Caldwell Makes Final Case for Sidewalk Obstruction, Park Camping Bills

Oct 3, 2018

Credit See1,Do1,Teach1 / Flickr

UPDATE: Bills 51 and 52 passed the Honolulu City Council on a 6-3 vote. The additional requirements added by the City Council were not removed from the bills.

  The Honolulu City Council is meeting to for a final on vote on two bills submitted by Mayor Kirk Caldwell that could have a significant impact on Honolulu’s homeless policy. Bill 51 would make it illegal to obstruct a public sidewalk. Bill 52 would make it illegal to establish lodging in public spaces like parks.


  The two measures would be a major escalation in the City’s effort to address Honolulu’s persistent homeless challenge. Mayor Caldwell made his final pitch outside a sidewalk camp near A’ala Park.

If passed the Mayor will sign the bills into law. But there may be a speedbump. City Councilmembers have inserted language that would delay the enforcement of the new laws by requiring 9 regional studies on their impacts. Mayor Caldwell opposes that requirement.

Ross Sasamura – City Director of Facility Maintenance – said that the sidewalk obstruction law is not just targeting the homeless. He cited street vendors in Waikiki illegally operating mobile kiosks as an example of the type of activity that the sidewalk bill could help address.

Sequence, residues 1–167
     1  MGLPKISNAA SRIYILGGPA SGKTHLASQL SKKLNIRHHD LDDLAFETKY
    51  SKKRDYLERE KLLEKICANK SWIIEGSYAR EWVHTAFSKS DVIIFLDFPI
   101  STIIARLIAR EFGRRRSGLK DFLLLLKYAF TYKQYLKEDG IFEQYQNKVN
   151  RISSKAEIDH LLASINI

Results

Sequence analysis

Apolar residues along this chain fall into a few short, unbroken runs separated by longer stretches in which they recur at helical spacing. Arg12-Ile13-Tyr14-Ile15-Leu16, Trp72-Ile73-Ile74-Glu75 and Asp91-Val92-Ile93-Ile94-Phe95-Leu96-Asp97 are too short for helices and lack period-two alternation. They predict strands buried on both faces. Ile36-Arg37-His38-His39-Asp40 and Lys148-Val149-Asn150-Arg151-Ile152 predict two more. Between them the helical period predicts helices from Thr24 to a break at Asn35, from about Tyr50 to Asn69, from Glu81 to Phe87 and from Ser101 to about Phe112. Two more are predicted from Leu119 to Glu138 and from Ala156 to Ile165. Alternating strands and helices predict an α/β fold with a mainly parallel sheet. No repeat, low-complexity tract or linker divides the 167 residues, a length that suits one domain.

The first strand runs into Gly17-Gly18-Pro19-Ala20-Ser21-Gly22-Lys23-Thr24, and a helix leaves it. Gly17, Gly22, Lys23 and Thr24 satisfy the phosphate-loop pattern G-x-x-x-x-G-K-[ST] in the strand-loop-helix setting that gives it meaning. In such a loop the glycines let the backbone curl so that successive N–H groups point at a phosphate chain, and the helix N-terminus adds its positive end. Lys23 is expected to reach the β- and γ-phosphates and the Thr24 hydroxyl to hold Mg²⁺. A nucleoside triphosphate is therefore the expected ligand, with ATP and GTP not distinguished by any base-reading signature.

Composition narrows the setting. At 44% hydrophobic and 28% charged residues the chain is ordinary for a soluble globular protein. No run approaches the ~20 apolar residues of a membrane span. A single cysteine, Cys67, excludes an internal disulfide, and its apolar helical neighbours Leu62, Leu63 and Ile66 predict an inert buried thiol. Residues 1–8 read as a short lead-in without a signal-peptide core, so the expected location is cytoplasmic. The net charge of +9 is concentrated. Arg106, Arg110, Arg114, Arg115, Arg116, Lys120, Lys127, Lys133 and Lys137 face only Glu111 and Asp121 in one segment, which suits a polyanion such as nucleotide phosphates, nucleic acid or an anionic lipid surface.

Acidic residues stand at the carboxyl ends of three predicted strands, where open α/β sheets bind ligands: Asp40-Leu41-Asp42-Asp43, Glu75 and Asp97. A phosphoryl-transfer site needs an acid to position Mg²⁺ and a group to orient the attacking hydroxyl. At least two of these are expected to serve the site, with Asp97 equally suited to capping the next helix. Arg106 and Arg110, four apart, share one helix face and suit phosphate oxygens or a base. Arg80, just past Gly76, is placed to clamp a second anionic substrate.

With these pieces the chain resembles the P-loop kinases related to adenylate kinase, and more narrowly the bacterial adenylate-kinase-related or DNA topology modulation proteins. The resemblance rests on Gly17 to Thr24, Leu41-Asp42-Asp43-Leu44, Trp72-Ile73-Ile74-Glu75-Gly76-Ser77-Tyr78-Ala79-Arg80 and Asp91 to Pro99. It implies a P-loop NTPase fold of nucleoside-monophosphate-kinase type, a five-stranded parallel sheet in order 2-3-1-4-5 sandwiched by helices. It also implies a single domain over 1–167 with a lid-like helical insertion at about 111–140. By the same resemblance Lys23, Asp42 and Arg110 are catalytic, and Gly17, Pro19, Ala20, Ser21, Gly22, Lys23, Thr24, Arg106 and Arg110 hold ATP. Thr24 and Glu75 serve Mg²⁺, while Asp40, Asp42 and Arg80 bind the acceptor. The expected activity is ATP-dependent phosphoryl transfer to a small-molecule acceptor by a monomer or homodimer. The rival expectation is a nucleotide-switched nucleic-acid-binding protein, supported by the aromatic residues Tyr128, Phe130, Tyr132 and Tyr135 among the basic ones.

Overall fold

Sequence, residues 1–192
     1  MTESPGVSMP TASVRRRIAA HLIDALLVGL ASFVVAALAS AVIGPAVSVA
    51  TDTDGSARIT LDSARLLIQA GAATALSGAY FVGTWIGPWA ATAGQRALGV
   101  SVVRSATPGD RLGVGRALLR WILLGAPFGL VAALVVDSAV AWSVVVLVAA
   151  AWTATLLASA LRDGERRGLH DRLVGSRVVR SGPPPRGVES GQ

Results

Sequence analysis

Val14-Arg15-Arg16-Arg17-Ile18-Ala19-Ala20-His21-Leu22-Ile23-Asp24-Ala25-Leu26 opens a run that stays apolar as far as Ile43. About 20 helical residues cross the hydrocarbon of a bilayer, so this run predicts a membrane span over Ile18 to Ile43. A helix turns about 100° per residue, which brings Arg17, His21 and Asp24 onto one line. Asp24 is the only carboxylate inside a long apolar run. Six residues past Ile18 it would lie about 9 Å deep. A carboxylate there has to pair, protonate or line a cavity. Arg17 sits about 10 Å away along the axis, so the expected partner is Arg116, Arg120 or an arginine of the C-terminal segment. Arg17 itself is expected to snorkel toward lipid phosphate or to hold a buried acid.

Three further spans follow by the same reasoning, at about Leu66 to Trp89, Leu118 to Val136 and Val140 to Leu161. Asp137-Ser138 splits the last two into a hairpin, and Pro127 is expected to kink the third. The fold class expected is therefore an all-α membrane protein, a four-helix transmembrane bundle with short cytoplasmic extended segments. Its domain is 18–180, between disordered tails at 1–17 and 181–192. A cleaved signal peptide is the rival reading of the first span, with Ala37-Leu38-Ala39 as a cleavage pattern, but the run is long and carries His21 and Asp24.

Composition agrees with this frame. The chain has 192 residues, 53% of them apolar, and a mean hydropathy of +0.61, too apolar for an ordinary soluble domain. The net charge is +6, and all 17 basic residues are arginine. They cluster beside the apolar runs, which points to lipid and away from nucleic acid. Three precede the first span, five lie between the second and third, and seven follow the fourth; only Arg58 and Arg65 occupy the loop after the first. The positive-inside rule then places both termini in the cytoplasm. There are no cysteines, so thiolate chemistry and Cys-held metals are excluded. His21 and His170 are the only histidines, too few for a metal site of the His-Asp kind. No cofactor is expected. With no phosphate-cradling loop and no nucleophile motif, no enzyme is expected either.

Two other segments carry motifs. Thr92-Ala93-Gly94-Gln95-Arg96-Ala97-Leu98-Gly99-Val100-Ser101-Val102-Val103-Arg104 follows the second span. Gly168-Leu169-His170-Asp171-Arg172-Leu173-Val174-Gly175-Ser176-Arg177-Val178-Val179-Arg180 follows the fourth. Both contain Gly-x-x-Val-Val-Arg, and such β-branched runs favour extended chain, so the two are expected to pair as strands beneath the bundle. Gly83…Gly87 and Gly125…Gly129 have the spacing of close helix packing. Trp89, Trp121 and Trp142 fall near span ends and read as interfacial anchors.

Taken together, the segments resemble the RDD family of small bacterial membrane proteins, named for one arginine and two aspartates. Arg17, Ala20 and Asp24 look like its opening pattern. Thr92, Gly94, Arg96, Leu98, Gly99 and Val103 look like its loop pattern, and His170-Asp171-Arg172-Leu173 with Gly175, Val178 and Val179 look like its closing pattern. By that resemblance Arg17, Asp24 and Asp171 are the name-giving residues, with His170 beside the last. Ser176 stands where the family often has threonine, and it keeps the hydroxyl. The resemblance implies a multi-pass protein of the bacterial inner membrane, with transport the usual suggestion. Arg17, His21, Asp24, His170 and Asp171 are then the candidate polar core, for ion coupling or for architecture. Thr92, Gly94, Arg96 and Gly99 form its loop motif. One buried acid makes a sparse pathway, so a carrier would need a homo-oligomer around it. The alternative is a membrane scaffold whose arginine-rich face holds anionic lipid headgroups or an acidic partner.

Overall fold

Bill 52, the ban on lodging in public places, has generated more opposition. Homeless advocates have decried the measure as criminalizing homelessness. And a similar law in Boise, Idaho was recently struck down in court.

Marc Alexander is the Director of the Mayor’s Office on Housing. He pushed back against that characterization of Bill 52. According to Alexander, the bill is a humanitarian measure desinged to help get people off the street, even if they are chosing not to seek shelter.

Bill 52 has been opposed by the ACLU of Hawaii, who said it would suffer the same fate as Boise’s law. Mayor Caldwell disagrees. As written, the bill would not allow a police officer to issue a citation or arrest a violator if both shelter space and transportation to the shelter are not available. Caldwell said he was confident that Bill 52 would be upheld if challenged in court.

Both Bills 51 and 52 passed their previous City Council vote by a wide margin.